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After about two years of construction, the Village of Minster’s Fourth Street corridor is complete. Additional non-roadway improvements now are planned along the route.
Photo: Village of Minster

With a long, rich history of community pride and ambition, the Village of Minster, Ohio, wasn’t going to treat the streetscape design and reconstruction of one of its main corridors, Fourth Street, with anything less than patience, thoroughness, and innovation. Originally founded as "Stallostown" by six German immigrants in 1832, the Village of Minster is now home to 2,800 people who take pride in the inviting atmosphere and historic feel of this west-central Ohio town.

Project
Fourth Street Reconstruction, Village of Minster, Ohio

Civil engineer
Choice One Engineering

Project summary
Pavement design, underground utilities, and aesthetic features support business, traffic, and community events.

This corridor is especially significant because it houses some of the village’s oldest businesses, includes a crossing of the historic Miami-Erie Canal, and includes a busy community park that houses the town’s yearly Oktoberfest celebration. When it became apparent that Fourth Street needed repair, village officials made it clear that this roadway would be a top priority to repair, replace, and enhance.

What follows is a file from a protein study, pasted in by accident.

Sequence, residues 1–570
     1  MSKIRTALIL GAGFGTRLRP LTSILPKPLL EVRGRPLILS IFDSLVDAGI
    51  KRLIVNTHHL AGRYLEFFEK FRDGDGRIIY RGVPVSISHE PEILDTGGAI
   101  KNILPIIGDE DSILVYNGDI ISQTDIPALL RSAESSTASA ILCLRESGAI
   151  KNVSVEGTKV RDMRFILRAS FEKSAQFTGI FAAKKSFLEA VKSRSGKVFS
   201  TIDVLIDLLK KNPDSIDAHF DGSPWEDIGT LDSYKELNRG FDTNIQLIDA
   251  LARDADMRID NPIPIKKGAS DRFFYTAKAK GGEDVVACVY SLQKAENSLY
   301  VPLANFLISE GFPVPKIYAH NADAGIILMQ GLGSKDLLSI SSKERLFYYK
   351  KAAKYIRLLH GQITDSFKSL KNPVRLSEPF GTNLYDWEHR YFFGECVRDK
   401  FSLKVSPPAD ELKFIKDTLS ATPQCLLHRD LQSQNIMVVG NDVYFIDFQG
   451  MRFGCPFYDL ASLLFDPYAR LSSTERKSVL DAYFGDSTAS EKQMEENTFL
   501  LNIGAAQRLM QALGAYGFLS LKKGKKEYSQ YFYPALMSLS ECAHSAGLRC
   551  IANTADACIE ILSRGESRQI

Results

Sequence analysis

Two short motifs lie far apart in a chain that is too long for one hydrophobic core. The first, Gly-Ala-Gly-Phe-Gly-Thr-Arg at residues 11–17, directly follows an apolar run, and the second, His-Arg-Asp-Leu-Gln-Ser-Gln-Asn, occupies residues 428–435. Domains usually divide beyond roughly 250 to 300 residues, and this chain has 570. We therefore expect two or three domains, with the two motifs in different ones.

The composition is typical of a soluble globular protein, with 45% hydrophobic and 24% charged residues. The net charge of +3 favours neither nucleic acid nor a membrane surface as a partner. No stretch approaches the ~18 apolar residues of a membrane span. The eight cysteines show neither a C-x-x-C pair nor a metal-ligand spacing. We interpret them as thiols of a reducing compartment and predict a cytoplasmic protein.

A traditional streetscape of the roadway would be an obvious direction to take the design; a streetscape atmosphere would help promote and maintain local business, as well as enrich the atmosphere during the Oktoberfest festival. There was one catch: In addition to being a thoroughfare for the festival, banks, shops, and personal services, Fourth Street is a major truck route.